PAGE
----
go to the bother

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go to the bother

To make an extra or deliberate effort (to do something). Oh, you didn't have to go to the bother of preparing the guest bedroom for me—I could have just slept on the couch! I knew I should do the dishes before going to bed, but I was too tired to go to the bother.
See also: bother, go
Farlex Dictionary of Idioms. © 2015 Farlex, Inc, all rights reserved.

go to the bother

(of doing something) Go to go to the trouble (of doing something).
See also: bother, go
McGraw-Hill Dictionary of American Idioms and Phrasal Verbs. © 2002 by The McGraw-Hill Companies, Inc.
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References in periodicals archive ?
He had gone to the bother of buying a jersey for a stranger."
If an International crime Syndicate have gone to the bother of hacking the system or torturing me with electrodes to get the magic words, then surely asking for the first, seventh and ninth letter of my user name ain't gonna stop them in their tracks.
I've held my hands up but they've still gone to the bother of writing a report and having a committee over something as trivial as seven envelopes being put in the wrong pile.
Dr Martin MacGregor, a Scottish history lecturer at Glasgow University, said: "I suppose the campaign has cost Drambuie a fair amount of money, so you would think they might have gone to the bother of checking their facts.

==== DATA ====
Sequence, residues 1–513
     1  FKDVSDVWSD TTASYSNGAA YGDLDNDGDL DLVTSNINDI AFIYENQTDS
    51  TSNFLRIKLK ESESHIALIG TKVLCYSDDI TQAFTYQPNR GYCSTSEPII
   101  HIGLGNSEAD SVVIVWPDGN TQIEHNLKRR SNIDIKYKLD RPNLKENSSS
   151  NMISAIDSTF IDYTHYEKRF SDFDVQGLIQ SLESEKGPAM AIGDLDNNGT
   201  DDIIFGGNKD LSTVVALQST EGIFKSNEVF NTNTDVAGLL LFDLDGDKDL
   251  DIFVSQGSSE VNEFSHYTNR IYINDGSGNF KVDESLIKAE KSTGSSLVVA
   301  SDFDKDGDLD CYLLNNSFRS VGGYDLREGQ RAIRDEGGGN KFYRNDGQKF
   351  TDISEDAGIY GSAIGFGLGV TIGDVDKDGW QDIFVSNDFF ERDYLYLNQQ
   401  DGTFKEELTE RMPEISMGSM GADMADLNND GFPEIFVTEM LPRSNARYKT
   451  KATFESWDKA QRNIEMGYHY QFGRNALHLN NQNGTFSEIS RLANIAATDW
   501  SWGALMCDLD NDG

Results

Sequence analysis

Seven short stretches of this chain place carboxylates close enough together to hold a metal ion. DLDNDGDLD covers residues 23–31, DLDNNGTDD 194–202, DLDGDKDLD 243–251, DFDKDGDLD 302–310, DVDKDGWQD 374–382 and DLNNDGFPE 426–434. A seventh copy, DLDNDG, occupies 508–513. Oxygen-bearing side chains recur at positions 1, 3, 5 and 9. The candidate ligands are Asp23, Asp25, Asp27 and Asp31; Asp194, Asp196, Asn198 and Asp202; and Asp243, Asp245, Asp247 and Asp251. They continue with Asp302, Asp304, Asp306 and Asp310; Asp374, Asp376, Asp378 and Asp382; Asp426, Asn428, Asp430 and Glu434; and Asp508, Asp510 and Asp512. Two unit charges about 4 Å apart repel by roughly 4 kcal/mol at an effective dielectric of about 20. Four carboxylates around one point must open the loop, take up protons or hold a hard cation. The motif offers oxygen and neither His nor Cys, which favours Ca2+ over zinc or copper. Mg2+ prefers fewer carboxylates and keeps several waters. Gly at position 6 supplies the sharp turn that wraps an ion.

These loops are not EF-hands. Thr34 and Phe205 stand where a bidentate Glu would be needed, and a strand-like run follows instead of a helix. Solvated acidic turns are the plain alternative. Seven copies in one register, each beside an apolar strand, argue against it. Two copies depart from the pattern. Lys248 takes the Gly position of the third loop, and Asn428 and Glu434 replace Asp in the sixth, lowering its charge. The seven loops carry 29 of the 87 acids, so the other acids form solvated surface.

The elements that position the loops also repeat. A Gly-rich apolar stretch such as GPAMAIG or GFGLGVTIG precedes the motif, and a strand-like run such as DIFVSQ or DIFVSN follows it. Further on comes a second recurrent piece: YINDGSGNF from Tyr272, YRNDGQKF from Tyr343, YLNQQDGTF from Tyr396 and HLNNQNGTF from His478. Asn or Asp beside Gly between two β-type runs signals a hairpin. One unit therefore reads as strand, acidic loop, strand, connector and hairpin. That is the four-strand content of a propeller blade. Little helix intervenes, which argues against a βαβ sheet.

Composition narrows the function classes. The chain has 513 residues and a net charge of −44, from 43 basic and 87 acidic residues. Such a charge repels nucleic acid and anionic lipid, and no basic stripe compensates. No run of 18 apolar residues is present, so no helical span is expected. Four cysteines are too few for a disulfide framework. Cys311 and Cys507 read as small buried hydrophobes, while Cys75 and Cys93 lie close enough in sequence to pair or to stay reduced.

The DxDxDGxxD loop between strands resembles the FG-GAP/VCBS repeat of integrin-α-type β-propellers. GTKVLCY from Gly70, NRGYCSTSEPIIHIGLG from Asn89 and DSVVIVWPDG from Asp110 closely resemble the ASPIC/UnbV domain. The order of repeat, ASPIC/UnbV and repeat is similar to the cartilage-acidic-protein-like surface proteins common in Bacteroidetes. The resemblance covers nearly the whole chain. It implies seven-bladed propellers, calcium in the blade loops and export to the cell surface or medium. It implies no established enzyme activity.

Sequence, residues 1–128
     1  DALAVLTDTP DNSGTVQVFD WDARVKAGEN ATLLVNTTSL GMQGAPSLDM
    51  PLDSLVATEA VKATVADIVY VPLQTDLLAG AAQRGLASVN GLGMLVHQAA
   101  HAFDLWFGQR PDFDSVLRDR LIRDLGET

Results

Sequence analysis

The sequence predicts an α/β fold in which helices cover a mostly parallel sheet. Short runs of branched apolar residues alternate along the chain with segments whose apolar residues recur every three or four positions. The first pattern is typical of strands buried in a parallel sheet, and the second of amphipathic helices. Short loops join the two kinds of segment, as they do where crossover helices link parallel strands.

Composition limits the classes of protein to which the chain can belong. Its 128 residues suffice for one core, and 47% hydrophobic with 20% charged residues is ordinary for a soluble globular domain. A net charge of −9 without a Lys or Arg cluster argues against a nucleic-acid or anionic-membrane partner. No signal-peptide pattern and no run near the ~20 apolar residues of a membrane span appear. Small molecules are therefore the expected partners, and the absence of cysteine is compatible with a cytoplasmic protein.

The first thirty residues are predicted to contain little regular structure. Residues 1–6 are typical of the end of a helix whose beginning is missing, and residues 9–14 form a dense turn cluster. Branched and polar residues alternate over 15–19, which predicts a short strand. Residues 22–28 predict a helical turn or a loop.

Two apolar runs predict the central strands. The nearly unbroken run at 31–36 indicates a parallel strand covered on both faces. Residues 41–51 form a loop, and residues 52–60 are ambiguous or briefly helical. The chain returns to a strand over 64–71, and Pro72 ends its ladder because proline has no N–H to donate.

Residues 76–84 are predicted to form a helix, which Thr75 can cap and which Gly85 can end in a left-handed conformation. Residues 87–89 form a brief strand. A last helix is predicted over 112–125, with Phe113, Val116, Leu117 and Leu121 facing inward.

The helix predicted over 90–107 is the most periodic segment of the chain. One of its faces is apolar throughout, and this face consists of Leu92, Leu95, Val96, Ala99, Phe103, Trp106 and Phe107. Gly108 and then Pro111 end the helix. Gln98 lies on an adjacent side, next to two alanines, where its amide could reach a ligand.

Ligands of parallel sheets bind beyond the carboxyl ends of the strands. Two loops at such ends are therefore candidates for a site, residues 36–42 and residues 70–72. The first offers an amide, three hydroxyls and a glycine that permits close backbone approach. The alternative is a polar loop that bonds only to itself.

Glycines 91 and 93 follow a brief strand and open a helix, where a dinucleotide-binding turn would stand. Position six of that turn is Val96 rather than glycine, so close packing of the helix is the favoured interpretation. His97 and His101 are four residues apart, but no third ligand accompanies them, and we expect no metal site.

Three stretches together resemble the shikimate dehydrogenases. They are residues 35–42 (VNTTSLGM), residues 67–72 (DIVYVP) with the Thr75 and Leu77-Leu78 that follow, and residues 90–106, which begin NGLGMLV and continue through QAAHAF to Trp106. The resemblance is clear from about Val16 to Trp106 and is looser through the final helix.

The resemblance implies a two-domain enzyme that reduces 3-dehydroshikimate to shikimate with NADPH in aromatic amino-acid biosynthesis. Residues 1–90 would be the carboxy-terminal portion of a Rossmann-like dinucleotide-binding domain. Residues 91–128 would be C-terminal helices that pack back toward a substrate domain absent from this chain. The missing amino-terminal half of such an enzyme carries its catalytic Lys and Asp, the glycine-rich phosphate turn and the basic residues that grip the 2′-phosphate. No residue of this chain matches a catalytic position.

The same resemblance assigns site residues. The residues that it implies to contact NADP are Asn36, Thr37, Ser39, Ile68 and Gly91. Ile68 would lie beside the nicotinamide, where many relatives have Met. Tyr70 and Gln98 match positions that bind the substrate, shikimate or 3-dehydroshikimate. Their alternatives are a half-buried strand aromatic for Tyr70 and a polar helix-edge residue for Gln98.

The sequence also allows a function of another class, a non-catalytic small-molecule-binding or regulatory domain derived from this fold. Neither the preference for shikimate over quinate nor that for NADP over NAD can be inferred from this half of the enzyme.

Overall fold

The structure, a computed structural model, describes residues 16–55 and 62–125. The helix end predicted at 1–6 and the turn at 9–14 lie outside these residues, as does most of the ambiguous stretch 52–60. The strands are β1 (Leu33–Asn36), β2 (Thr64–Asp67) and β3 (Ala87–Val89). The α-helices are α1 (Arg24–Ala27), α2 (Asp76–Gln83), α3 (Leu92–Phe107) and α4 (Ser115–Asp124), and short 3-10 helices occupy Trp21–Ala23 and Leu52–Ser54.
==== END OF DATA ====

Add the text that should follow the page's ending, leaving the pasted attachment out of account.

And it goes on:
Ministers can moan about a politically inspired campaign and the public not really understanding what is being proposed, but the fact remains that more than 1.6 million people have gone to the bother of registering their opposition to road pricing on the Downing Street website - a blunt, but impressive, exercise in democracy.
"Otherwise, he would not have gone to the bother of contacting me."
No wonder she has gone to the bother of writing and producing laminated posters.
Mairead Lyons says that many are still unsure of how to use a condom, even after they have gone to the bother of purchasing them.
"Some had sent cheques, others had gone to the bother of buying postal orders and others had put cash in the envelopes."
It does of course (hurt) when you're just dismissed off hand by people who don't know any better or haven't gone to the bother of doing their homework and finding out what London are all about.
Sorry Faye, but if this lot were going to execute you they wouldn't have gone to the bother of preparing a made-to-measure pine casket in advance.
The shell-suited ned sitting in a family restaurant who'd gone to the bother of learning how to insult the Pope in Italian and was belting it out at the top of his voice?
In fact, it wasn't until Friday night that I discovered someone had gone to the bother of giving the move a name.
You should be very flattered he's gone to the bother of asking you out, not once but twice, as it takes a lot of courage at any age to risk being rejected.